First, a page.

Being “God’s Somebody”
Friday, October 29, 2021
Everybody is God’s somebody. —Bishop Michael Curry, Love Is the Way
Presiding Bishop of the Episcopal Church Michael Curry, with whom Fr. Richard has worked on several occasions, shares how knowing we are “God’s somebody” allows us to love ourselves and others.
I’ve come to see that the call of God, the love that bids us welcome, is always a call to become the true you. . . . Not an imitation of someone else. The true you: someone made in the image of God, deserving of and receiving love.
There is a Jewish proverb, “Before every person there marches an angel proclaiming, ‘Behold, the image of God.’” Unselfish, sacrificial living isn’t about ignoring or denying or destroying yourself. It’s about discovering your true self—the self that looks like God—and living life from that grounding. Many people are familiar with a part of Jesus’s summary of the law of Moses: You shall love your neighbor as you love yourself. Yourself. Loving the self is a required balance. If we fail in that, we fail our neighbor, too. To love your neighbor is to relate to them as someone made in the image of the God. And it is to relate to yourself as someone made in the image of the God. It’s God, up, down, and all around, and God is love.
The ability to love yourself is intimately related to your capacity to love others. The challenge is creating a life that allows you to fulfill both needs. I often speak of the loving, liberating, life-giving God. Sharing godly love liberates the true self, so that we can more fully live and discover that place where “your deep gladness and the world’s great hunger meet,” as Frederick Buechner put it in Wishful Thinking: A Theological ABC.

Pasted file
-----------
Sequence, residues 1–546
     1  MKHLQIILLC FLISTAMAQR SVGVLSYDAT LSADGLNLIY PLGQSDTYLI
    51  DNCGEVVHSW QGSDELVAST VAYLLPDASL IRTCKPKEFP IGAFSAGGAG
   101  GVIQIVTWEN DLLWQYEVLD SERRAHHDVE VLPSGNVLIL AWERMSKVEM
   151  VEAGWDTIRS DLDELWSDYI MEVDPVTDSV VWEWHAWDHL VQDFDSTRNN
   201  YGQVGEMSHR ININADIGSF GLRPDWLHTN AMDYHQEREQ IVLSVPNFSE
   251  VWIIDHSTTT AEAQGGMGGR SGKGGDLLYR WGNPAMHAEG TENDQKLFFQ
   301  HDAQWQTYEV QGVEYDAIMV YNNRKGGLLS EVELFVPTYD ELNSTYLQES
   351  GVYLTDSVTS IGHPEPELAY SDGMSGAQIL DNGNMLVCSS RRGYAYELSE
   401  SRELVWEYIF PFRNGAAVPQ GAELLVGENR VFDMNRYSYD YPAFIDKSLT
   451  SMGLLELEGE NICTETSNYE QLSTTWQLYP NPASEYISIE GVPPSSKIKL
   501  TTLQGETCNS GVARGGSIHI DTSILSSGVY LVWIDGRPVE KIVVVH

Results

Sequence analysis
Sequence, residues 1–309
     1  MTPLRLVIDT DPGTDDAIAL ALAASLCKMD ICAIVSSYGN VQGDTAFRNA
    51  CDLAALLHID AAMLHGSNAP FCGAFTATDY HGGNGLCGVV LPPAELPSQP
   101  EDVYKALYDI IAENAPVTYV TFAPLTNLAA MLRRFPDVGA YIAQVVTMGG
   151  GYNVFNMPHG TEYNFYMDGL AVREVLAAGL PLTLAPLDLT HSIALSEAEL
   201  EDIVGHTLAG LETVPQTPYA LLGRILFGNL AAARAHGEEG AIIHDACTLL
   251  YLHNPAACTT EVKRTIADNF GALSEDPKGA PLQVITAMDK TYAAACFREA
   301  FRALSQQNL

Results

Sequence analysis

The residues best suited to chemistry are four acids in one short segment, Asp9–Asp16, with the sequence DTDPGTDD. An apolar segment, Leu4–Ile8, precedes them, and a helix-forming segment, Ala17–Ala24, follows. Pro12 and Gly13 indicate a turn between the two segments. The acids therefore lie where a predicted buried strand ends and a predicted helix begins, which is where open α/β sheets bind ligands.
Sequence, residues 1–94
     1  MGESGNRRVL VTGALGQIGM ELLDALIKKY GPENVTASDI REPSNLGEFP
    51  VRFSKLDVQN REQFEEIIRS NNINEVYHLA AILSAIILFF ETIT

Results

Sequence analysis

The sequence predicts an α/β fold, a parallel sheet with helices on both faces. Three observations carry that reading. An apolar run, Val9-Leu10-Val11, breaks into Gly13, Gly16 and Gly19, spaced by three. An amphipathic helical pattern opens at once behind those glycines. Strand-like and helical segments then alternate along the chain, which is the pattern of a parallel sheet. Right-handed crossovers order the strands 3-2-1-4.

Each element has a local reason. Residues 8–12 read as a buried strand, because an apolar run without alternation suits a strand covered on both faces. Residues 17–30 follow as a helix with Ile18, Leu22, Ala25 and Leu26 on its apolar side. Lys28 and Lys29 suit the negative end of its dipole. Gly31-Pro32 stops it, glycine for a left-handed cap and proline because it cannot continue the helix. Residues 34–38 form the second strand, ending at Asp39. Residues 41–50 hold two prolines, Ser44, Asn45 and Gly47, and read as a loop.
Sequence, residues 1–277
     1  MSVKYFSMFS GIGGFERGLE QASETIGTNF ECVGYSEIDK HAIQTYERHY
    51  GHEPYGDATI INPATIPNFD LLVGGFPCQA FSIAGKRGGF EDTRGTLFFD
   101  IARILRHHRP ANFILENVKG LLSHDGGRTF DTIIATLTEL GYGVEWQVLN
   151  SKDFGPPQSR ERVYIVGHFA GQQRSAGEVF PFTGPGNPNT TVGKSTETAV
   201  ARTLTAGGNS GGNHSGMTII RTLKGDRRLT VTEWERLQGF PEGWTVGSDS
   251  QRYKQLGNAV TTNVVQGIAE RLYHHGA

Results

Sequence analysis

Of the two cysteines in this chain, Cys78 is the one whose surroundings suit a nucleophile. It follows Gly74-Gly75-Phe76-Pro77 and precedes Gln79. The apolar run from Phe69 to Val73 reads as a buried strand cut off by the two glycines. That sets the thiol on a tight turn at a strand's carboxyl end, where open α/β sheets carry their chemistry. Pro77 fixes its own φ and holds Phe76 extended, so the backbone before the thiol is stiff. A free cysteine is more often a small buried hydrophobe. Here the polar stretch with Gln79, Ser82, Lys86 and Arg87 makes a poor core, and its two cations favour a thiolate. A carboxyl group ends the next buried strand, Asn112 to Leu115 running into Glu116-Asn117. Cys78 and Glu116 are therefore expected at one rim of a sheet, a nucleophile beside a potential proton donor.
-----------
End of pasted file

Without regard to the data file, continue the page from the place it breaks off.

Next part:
I don’t know exactly why it works that way, other than to channel my grandma: “We’ve got a good God and a good Gospel.” . . .
All I know is that I have seen the wonderful personal transformations that happen when people start navigating with God’s GPS. I’ve experienced it myself. . . .
My job is to plant seeds of love, and to keep on planting, even—or especially—when bad weather comes. It’s folly to think I can know the grand plan, how my small action fits into the larger whole. All I can do is check myself, again and again: Do my actions look like love?
If they are truly loving, then they are part of the grand movement of love in the world, which is the movement of God in the world. . . .
It is impossible to know, in the moment, how a small act of goodness will reverberate through time. The notion is empowering and it is frightening—because it means that we’re all capable of changing the world, and responsible for finding those opportunities to protect, feed, grow, and guide love.
Michael Curry with Sara Grace, Love Is the Way: Holding on to Hope in Troubling Times (Avery: 2020), 95–96, 97, 134, 139.
Story from Our Community:
My son’s death in the destruction of 9/11 seemed an unbearable loss, and could not have been borne without the abundance of God’s grace. A friend introduced me to Richard Rohr and I was nourished into new understanding, new faith, new hope—and most especially into a new way of loving others. I also found a new way of falling in love with the Caring Creator and Cosmic Christ. I listen for our God now in the peace of knowing I’m guided and loved however I might stray—especially when I feel I have strayed. —Anne M.
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